During the height of the coronavirus lockdown, dermatologist Whitney Bowe, MD, author of The Beauty of Dirty Skin, had an epiphany: “I started using Peloton, but also began switching up my routine, cycling or rotating through different workouts such as pilates and yoga to optimize benefits and see changes,” she says. “I started talking about this process of cycling out different workouts and realized it was a natural response to my patients’ needs. My two worlds collided.”

Despite using exfoliants (scrubs and prescription-strength retinoids) up to twice a day, Dr. Bowe’s patients weren’t getting the results they desired.

“They were irritating their skin and not getting the benefits of powerful active ingredients,” says Dr. Bowe. “You can use a nourishing moisturizer twice a day, but when you try to push the workhorses (the acids, the retinoids) you can actually do more harm than good — including damaging the skin barrier, experiencing low-grade chronic inflammation, increasing free radical damage, accelerating the aging process and worsening hyperpigmentation. I started realizing, as we dove into patients’ actual routines, that we needed to build in recovery days to let the skin repair.”

Enter: Skin cycling. “People understood the concept of cycling for diet or exercise, so this made sense.”

Whether you think the concept is cool or gross, bacteria in skin care products are so beneficial for your skin, for the same reason that the bacteria in fermented foods (like kombucha and kimchi) are beneficial for your gut. In both scenarios, probiotics swoop in to balance, diversify, and propagate the good bacteria already present in your body while warding off the bad. Not for nothing, applying topical probiotics can make your skin look glowier, bouncier, clearer, and — in the case of the best probiotic moisturizers in particular — feel deeply hydrated.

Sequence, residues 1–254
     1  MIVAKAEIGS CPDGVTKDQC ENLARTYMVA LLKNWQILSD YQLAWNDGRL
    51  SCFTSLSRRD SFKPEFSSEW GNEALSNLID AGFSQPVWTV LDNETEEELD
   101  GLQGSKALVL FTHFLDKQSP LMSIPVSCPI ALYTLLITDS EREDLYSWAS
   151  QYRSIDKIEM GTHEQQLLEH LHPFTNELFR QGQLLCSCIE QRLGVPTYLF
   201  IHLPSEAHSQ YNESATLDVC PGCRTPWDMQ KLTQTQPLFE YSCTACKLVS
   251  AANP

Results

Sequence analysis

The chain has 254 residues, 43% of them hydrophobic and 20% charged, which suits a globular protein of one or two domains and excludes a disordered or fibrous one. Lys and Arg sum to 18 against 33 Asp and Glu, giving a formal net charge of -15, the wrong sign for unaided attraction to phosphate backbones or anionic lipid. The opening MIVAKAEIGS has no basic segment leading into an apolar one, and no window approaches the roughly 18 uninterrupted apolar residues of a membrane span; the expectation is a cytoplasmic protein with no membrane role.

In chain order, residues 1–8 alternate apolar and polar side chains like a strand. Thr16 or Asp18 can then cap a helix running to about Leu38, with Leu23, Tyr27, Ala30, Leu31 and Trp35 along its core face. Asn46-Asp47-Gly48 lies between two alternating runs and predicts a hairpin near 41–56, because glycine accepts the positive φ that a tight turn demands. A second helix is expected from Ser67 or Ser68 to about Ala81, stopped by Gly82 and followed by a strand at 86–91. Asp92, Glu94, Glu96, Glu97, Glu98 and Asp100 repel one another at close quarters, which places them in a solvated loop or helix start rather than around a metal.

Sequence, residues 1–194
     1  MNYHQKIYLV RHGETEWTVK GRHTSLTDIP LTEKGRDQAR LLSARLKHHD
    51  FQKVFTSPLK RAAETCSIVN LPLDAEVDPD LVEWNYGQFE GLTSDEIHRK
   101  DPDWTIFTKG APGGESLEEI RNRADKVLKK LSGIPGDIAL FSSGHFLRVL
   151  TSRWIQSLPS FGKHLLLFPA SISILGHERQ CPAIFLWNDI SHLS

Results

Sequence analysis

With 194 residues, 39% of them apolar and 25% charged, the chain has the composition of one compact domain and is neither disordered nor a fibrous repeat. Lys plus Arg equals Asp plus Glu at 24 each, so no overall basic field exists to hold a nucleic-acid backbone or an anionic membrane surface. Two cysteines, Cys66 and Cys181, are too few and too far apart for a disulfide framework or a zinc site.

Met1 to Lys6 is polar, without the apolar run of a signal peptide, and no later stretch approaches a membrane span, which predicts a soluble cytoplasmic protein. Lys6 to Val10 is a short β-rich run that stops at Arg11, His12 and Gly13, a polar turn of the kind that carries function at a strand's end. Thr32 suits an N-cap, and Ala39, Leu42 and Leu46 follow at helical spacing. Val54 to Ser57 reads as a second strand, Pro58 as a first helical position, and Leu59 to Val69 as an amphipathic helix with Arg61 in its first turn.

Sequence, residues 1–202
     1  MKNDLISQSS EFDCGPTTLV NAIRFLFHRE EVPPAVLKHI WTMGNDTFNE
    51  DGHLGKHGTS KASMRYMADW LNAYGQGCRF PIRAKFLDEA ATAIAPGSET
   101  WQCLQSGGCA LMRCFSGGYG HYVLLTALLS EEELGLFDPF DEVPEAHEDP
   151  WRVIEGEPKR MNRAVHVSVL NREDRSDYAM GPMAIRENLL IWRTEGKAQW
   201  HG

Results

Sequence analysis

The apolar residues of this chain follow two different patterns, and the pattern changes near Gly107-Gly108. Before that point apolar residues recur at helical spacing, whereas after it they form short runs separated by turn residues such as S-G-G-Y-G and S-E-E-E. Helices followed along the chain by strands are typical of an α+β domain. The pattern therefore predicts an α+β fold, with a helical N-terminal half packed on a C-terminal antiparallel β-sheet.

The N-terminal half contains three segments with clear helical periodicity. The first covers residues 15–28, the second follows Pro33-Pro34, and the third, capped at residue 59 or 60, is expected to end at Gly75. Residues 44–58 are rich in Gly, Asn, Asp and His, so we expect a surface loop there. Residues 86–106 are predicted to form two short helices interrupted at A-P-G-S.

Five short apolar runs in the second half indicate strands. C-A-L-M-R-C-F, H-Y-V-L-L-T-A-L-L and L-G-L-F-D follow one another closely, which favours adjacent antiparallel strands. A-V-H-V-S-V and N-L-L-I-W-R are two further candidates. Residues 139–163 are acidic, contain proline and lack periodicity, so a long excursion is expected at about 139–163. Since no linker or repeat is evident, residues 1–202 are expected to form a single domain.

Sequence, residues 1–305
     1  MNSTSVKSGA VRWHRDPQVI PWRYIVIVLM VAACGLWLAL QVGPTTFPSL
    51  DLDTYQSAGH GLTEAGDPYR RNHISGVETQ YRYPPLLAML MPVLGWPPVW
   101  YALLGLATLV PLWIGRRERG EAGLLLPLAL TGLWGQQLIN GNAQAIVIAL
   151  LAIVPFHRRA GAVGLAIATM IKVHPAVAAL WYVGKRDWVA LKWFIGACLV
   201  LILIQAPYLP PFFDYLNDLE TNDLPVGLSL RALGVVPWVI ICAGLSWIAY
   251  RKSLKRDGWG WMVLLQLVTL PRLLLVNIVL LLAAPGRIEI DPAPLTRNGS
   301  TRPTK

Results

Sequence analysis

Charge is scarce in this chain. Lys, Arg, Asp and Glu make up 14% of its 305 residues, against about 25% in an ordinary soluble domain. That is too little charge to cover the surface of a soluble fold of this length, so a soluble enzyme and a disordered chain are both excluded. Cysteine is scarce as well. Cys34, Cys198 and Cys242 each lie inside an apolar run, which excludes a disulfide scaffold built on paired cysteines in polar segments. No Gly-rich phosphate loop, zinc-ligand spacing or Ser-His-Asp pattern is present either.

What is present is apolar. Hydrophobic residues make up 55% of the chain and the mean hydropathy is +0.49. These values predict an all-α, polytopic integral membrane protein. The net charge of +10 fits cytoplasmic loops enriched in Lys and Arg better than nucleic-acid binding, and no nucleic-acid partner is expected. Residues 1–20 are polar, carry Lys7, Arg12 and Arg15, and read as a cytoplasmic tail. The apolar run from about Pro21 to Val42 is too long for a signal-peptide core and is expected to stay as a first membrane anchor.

Leave it to the scorching August heat and long days spent in our lightest layers to remind us that summer only exacerbates body acne. But while flare-ups on the most common areas, like the chest and back, aren’t exactly welcome, they’re more manageable than ever thanks to all kinds of targeted treatments, from exfoliating body washes to skin-soothing lotions. To help guide you through the rest of summer and beyond, dermatologists help break down what body acne is, how to treat it, and the best kinds of products to have in rotation for smoother, clearer skin all over.

Snake oil or miracle worker? Those who see smoother, bouncier skin after taking ingestible collagen swear it’s the latter.

Your skin on stress is not a pretty sight. Stress hormones such as cortisol can trigger breakouts, dull skin, accelerate aging and exasperate skin conditions such as eczema and psoriasis.

That’ s especially true when your internal pressure cooker stays at a constant boil — and who isn’t overly stressed these days?
“Consistently elevated cortisol levels have been shown to inhibit your skin’s production of collagen, hyaluronic acid and healthy lipids like cerimide,” said Dr. Whitney Bowe, a dermatologist and assistant clinical professor of dermatology at the Icahn School of Medicine at Mount Sinai Medical Center.
“Collagen is like the scaffolding of the skin that prevents fine lines and wrinkles,” Bowe explained.